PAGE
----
Of course, when training the same on iced slopes later on, safety ropes
Mountain climbing is not always about going uphill. After you top that mountain, you have to get back down! It may seem trivial to learn descending techniques. After all going downhill is about 10 times easier than going up! But the issue becomes important when you see the statistics: By far most accidents happen when going down, not up! The climber is more tired, has a feeling of "job is done", and it's all much faster. So, it pays to learn some techniques of quick and safe descending.
The one shown here is one of the more funny: It's like skiing on the
shoes, and using the piolet as a steering device. The angle of attack of
the feet controls the speed, and if needed the piolet can be used for quick
braking. I use this method a lot, but often I climb without a piolet. Then
I use the same method of shoe-skiing, but without a steering device! With
practice, it works well, but cannot be applied in all cases.
Of course there are other methods too. This one is particularly funny, but it's a bit on the wet side. And it works only in very wet, soft snow!
We learned lots of less photogenic stuff too. Rope work, rock climbing,
first aid, orienteering, volcanology, and lots of other things which would
be boring to list here.
Beware of butane stoves. They don't work when it's cold! The butane
will simply stay liquid, and unless you heat up the tank in some way, you
won't get a hot meal or a coffee! So we always used gasoline stoves. They
work in all situations, give a huge heating power, and the gasoline also
is cheaper and more weight-effective than butane. Here a fellow mountaineer
waits for the breakfast soup to be ready, while I walked around, shooting
photos of iced grass, iced trees, and lastly of his iced nose.
This was the next day. Same guy, but seen from behind on the slope of the Nevado. We had an ideal climbing day, with beautiful weather, good snow, and lots of time, so we wandered around the Nevado, enjoying all those little grand things that were to be seen.
Here are the two volcanos, seen from the Nevado. The large depression is the Devil's Gorge. It was all dusted over with snow, producing nice photos.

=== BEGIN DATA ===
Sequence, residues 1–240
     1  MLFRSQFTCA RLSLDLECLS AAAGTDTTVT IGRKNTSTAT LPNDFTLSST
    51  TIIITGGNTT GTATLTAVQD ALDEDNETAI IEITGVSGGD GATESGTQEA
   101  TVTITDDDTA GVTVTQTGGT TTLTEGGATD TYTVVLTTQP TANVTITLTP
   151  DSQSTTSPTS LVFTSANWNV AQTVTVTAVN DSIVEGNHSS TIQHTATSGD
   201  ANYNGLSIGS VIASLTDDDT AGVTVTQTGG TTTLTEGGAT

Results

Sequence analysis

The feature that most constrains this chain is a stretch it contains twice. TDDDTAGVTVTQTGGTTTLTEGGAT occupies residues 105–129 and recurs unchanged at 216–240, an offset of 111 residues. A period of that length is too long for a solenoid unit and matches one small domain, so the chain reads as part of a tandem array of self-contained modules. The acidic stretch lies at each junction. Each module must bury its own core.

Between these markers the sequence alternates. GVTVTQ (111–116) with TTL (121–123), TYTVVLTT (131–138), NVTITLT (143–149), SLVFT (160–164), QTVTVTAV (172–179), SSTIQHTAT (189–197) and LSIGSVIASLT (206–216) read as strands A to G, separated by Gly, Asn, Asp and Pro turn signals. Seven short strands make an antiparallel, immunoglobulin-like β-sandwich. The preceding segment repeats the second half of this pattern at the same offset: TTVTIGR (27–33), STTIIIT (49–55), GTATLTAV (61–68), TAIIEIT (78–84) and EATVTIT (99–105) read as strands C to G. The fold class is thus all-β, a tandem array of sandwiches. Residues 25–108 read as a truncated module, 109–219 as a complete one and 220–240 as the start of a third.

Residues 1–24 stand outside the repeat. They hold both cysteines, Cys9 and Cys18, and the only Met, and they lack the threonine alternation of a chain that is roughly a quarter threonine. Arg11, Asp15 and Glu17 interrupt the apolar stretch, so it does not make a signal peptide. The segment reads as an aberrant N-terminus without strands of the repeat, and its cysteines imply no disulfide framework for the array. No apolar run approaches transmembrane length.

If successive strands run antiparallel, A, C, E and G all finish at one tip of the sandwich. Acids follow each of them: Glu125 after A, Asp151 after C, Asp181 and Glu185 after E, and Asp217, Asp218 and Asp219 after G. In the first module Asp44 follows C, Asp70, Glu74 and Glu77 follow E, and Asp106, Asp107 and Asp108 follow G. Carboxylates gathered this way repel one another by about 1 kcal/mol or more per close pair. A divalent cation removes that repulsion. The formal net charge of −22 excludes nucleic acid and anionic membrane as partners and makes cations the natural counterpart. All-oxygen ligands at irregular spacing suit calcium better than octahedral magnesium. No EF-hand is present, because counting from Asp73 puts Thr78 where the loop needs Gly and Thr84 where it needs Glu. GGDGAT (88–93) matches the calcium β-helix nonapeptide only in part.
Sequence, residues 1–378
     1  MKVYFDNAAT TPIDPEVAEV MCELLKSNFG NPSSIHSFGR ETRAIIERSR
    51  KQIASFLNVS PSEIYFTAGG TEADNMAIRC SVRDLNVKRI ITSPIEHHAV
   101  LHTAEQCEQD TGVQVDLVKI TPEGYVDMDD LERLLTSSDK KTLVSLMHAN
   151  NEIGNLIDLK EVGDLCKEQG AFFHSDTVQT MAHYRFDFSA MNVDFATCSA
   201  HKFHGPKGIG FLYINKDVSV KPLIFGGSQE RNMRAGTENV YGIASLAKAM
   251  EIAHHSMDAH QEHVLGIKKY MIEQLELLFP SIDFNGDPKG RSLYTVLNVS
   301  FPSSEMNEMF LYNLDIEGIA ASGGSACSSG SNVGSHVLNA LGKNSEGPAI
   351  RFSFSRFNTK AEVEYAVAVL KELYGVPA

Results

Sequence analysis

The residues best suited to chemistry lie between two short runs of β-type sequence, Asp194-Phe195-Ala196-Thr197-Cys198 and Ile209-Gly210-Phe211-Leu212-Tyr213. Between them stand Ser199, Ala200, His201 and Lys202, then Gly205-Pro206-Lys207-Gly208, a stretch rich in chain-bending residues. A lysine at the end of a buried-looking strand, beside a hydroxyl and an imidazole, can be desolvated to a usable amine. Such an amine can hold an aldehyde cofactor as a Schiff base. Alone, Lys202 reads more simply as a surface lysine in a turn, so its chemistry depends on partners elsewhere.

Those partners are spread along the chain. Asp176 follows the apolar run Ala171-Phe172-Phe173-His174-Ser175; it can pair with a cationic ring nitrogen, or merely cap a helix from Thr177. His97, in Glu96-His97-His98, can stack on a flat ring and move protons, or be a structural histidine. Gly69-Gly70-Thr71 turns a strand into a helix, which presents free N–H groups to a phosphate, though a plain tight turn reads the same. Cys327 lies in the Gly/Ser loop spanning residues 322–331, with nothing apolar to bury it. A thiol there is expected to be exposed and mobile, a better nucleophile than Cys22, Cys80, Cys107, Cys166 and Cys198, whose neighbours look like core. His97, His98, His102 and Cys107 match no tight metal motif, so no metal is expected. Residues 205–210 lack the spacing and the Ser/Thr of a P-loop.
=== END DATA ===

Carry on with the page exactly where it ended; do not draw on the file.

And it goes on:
This is a closer view of the active volcano, shot through a long lens. From our shelter it was a very long stretch to walk over to the volcanos, so we never climbed them from this starting position. But sure I wanted to do it! After all, peeking into nature's cooking pot is more interesting than having a walk on a simple heap of rock and snow!
Ice stalagmites and stalactites form wherever the sun melts snow, and the resulting water drips over rocks. The air temperature was below freezing all the time. Even so, thanks to little wind, a strong sun and the reflection from the snow, the perceived temperature was quite nice.
I drove up to the ski center, and bought a two-way ticket for the seat lift. Not many people use this lift without carrying skis, but still I was not the first one to use it just as a launch pad to climbing. The lift goes up to the 2400 meter level.
Once up there, still in early morning and with fresh forces, I programmed
the spot into my newly acquired GPS receiver, and set off towards the old
volcano, which looked more climbable. I was carrying photo gear, snow goggles,
the GPS, and a plum. Nothing else. Not even crampons, since it was
summer and I did not expect any hard ice.
Three hours later I was on the summit of the old, extinct volcano. The crater is quite open, not very large, maybe 50 meter across. The day was windless, very nice, so I spent quite some time up here, making photos of everything.
This photo for example shows the view south, towards the Antuco volcano and the SierraVelluda. You probably already read the page about that zone.